Plaintiffs brought a class action antitrust suit, under Rule 23(b)(3), claiming Comcast subscribers in the Philadelphia area were harmed because of a specific Comcast strategy that allegedly lessened competition and would lead to higher prices. Comcast allegedly “clusters” their cable television operations within a particular region by swapping their systems outside the region for competitor systems inside the region.  Plaintiffs offered several theories as to why this alleged approach harmed them: it allowed Comcast to withhold local sports programming from its competitors, resulting in decreased market penetration by direct broadcast satellite providers; it allegedly reduced the level of competition from “over-builders,” companies that build competing cable networks in areas where an incumbent cable company already operates; it reduced the level of “benchmark” competition on which cable customers rely to compare prices; and it allegedly increased Comcast’s bargaining power relative to content providers.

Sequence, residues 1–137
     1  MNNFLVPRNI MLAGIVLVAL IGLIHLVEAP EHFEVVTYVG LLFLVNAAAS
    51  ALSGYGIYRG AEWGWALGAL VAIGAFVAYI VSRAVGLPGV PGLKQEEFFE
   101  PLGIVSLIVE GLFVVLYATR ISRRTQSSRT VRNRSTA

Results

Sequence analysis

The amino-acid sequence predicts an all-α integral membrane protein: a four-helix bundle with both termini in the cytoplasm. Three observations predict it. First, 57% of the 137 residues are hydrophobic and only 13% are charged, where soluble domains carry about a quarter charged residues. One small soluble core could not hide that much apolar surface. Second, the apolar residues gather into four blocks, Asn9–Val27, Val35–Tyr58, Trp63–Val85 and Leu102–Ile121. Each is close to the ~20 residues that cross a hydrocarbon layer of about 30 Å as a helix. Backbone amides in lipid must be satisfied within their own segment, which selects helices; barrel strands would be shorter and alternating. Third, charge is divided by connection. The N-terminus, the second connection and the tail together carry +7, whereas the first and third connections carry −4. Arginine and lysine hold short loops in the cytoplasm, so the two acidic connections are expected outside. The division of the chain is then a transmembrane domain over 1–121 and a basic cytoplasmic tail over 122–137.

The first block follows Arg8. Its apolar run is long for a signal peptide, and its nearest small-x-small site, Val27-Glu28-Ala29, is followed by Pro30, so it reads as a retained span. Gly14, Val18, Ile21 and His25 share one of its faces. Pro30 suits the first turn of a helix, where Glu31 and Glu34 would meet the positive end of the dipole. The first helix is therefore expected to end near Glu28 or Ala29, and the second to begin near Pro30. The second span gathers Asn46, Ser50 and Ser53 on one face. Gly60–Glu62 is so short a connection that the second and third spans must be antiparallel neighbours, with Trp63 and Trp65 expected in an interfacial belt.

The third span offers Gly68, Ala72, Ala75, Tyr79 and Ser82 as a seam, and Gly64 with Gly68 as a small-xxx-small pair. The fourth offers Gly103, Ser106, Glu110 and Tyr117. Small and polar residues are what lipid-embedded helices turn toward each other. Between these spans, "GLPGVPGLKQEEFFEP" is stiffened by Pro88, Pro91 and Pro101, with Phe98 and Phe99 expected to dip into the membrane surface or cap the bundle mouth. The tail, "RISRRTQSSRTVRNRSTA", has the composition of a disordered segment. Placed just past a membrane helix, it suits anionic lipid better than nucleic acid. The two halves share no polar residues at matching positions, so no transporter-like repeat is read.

The District Court ruled that plaintiffs had to show that the “antitrust impact” of the violation could be proved at trial through evidence common to the class and that the damages were measurable on a class-wide basis through a “common methodology.” The trial court then certified the class, but accepted only one of the four proposed theories of antitrust impact. The Third Circuit affirmed, noting again its artificial separation of class and merits issues:  we "have not reached the stage of determining on the merits whether the methodology is a just and reasonable inference or speculative." The court of appeals concluded that Comcast's attacks on the merits of the methodology had "no place in the class certification inquiry.”